Nong declined to name the investors in the Series A but said the money is going toward the final development of the technology. It has also enabled picoSpray to hire two people (a technician and an engineer), expanding its staff to six employees. That team is currently testing its technology out with engine and motorcycle manufacturers.

"We're looking at how we can mass produce it," Nong says.

Source: Lihang Nong, CEO and CTO of picoSpray
Writer: Jon Zemke

G2 Consulting Group hires 10, looks to hire 10 more

When the Great Recession hit, G2 Consulting Group adapted by integrating more technology into its business model. It was a successful strategy and the firm grew significantly in the years that followed. Today it’s using that same philosophy to keep growing.

The Troy-based construction firm specializes in environmental and geotechnical engineering services. (Think of it as doing the construction work that takes place below the ground, such as soil testing.) The addition of technology, such as remote monitoring of solar panels or sensors at the I-94/I-69 interchange that track vibration, has become an integral part of the company's work.

"We're just using more technology to get the data," says Noel Hargrave-Thomas, principal of G2 Consulting Group.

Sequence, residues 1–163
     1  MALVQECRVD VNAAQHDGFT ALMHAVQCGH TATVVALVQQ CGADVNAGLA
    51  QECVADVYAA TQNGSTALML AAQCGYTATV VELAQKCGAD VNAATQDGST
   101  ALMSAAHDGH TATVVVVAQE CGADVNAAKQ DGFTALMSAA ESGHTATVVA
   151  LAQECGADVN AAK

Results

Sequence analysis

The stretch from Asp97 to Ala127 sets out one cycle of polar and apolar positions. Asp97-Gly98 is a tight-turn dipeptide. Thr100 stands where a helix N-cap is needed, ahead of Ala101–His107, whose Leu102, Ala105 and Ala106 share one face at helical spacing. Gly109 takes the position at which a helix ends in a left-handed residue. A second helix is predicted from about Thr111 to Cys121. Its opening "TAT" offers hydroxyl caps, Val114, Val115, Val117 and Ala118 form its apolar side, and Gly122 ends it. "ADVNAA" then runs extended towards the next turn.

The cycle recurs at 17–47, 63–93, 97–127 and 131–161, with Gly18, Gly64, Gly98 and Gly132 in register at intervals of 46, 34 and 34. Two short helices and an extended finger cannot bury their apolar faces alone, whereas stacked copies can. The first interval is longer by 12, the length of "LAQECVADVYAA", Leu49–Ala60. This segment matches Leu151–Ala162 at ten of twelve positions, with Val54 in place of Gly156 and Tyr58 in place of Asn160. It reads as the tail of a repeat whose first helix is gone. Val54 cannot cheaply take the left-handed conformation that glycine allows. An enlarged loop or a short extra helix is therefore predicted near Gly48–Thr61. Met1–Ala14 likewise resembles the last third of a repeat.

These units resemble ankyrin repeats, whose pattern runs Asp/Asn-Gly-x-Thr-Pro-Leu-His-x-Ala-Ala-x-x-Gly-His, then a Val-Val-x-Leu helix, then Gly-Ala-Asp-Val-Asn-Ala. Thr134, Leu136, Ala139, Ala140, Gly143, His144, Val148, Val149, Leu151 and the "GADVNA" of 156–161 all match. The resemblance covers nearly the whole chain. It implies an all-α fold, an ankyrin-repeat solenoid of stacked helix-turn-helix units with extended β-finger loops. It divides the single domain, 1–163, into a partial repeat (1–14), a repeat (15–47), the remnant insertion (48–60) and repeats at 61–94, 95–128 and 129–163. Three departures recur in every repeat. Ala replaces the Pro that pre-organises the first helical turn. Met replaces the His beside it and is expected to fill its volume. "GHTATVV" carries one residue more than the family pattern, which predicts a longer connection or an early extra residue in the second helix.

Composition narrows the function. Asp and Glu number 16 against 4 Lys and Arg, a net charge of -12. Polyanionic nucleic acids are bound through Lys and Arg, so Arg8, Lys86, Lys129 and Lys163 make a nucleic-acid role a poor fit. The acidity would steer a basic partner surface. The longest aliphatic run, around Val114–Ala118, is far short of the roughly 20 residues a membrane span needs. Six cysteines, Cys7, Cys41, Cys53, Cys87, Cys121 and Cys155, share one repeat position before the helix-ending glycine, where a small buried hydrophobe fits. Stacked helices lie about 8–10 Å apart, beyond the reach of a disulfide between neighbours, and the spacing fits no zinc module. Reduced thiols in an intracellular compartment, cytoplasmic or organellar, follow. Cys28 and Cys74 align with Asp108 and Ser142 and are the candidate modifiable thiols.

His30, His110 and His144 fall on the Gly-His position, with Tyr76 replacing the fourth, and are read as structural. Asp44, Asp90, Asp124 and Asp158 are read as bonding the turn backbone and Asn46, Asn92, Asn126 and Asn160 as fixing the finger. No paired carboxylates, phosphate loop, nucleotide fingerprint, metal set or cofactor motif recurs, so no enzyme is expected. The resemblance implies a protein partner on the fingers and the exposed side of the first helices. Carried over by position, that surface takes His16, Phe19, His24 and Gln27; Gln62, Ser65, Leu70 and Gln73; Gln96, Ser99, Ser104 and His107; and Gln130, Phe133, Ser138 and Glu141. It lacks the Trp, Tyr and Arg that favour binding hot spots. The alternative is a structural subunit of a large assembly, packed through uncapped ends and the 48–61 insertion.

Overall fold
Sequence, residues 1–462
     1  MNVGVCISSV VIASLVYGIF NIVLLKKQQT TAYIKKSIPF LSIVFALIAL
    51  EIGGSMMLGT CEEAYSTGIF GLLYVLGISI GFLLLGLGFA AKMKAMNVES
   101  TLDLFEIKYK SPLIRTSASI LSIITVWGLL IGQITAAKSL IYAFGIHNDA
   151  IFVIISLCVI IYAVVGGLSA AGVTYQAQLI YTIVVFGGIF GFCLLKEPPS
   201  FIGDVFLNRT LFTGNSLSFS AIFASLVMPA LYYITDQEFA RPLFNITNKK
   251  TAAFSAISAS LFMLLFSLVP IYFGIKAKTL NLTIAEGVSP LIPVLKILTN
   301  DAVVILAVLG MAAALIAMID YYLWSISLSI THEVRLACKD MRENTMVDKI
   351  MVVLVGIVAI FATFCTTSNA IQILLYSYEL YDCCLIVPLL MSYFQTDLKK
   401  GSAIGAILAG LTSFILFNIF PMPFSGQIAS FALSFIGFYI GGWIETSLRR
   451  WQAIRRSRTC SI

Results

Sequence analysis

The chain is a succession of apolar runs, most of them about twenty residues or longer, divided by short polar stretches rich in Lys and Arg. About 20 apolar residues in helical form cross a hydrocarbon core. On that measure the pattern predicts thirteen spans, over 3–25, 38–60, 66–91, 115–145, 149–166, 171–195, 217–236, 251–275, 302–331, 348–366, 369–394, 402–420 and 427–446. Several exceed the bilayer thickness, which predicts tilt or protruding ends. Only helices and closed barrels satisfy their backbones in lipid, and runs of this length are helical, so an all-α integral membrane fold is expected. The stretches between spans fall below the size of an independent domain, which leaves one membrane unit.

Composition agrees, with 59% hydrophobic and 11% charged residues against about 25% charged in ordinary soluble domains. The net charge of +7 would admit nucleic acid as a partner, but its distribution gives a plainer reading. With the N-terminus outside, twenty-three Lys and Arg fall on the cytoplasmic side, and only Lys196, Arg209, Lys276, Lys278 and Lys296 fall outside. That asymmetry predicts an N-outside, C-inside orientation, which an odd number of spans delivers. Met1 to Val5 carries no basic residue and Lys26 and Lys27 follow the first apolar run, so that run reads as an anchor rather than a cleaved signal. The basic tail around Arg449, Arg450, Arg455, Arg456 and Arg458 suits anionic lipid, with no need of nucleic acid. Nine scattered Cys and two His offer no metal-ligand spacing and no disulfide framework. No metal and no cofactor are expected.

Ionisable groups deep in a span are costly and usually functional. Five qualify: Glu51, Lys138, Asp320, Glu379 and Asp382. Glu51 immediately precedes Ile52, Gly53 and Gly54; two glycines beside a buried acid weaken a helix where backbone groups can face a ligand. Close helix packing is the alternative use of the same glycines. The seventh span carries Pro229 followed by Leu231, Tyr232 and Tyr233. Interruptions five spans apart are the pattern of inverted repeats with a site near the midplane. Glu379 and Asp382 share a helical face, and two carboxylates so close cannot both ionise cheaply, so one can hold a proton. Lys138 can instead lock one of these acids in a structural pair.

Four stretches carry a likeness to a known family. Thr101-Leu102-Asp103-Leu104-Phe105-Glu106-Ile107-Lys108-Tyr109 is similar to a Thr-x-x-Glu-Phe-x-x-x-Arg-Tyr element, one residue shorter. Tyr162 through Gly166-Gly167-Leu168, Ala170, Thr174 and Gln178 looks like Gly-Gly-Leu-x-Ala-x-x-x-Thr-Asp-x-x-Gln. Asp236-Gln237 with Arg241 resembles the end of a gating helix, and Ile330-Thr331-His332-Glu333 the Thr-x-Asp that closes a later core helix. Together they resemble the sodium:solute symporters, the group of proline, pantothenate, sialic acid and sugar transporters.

The firm opened a satellite office in Ann Arbor last year and now has a staff of 46 employees and five interns. It has hired 10 people over the last year.

"We're looking to hire 10 more," Hargrave-Thomas says.

The driving force behind those new hires is revenue growth. G2 Consulting Group's revenue spiked 43 percent in 2014, which is up from 31 percent growth in 2013 and 20 percent growth the year before.

"We're on pace to continue that growth," Hargrave-Thomas says.

Source: Noel Hargrave-Thomas, principal of G2 Consulting Group
Writer: Jon Zemke

Stkr.it finds unexpected customers, expands

Stkr.it launched as a startup looking to leverage the emerging new economy. Today it's generating revenue from an unlikely source: quilters.

"They have taken to our technology to label their quilts," says Mike Newman, president of stkr.it. "There are 16 million quilters in the U.S., and two million of them spend $3,000 a year on it."

The 4-year-old startup, which calls both Ann Arbor and New York City home, launched as software platform that helped people capture digital memories on their mobile devices, such as text messages. It pivoted a few years ago to helping people create and connect new messages to items like greeting cards and scrapbooks.

Meeting with business owners in the greeting card and gift store industries led to introductions to the quilting world. Scrapbookers have also flocked to the service.

"It wasn’t part of the original business plan," Newman says.

But it's a welcome addition. Stkr.it has grown its team to five people and is looking at expanding its reach in these new revenue streams. It is also aiming to create a few more over the next year.